Adam Rogers tells the story of how renowned astrophysicist Kip Thorne helped Christopher Nolan portray gravitational singularities — worm holes and black holes — in a scientifically accurate way:
Von Tunzelmann tried a tricky demo. She generated a flat, multicolored ring—a stand-in for the accretion disk—and positioned it around their spinning black hole. Something very, very weird happened. “We found that warping space around the black hole also warps the accretion disk,” Franklin says. “So rather than looking like Saturn’s rings around a black sphere, the light creates this extraordinary halo.”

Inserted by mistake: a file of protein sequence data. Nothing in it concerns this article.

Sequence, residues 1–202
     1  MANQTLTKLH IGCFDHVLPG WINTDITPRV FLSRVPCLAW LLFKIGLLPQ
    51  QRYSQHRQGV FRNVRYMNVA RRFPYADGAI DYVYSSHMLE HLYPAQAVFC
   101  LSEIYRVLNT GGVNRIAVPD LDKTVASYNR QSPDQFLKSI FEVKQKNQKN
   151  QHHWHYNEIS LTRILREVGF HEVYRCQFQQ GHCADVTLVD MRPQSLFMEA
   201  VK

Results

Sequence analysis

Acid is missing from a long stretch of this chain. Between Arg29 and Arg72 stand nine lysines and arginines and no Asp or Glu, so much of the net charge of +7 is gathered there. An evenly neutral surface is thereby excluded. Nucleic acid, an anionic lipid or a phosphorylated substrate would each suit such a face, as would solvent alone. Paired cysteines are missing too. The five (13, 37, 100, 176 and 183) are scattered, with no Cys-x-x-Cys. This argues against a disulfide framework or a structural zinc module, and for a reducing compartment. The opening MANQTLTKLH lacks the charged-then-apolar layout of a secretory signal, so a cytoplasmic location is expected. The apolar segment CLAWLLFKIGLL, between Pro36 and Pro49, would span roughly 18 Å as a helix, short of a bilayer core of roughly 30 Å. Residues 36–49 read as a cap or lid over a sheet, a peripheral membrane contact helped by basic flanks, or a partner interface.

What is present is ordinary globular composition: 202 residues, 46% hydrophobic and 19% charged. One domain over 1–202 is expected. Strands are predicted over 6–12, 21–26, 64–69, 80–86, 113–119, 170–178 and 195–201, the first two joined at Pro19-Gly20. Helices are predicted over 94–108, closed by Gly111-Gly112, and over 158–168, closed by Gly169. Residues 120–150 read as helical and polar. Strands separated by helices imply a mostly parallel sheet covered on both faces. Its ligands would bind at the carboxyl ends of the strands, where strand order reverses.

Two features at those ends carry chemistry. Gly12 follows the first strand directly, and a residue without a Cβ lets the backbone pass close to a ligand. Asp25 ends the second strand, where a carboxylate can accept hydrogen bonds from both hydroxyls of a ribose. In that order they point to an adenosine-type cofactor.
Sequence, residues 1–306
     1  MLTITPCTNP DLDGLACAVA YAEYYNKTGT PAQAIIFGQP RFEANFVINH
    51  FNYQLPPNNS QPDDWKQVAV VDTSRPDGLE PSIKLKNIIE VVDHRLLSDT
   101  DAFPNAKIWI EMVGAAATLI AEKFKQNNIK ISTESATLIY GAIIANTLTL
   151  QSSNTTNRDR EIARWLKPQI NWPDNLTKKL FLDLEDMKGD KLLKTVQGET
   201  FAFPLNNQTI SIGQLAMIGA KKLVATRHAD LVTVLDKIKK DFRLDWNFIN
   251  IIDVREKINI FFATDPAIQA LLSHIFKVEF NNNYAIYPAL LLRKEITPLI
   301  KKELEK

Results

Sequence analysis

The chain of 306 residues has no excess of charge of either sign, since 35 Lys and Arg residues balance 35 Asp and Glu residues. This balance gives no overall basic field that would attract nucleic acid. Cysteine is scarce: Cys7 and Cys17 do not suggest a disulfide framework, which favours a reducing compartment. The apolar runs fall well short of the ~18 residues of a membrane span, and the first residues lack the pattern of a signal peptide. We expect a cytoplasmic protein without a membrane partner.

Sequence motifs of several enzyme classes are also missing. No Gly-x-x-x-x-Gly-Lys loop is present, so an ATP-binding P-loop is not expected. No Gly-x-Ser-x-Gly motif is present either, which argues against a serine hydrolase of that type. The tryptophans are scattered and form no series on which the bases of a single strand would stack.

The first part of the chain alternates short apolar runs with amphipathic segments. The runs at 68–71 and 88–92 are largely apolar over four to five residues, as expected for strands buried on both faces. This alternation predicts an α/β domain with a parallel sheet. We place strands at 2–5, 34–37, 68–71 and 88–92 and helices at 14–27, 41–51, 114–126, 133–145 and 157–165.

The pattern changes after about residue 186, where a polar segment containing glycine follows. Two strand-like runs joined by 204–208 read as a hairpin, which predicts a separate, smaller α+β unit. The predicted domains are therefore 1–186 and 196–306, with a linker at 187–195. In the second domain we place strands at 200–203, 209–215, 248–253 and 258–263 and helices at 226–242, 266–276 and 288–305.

That’s what led Thorne to his “why, of course” moment when he first saw the final effect. The Double Negative team thought it must be a bug in the renderer. But Thorne realized that they had correctly modeled a phenomenon inherent in the math he’d supplied.
This is what happens when incredibly smart people trained in different scientific disciplines are locked in a room together for a few months. Fascinating.
Via Tools & Toys.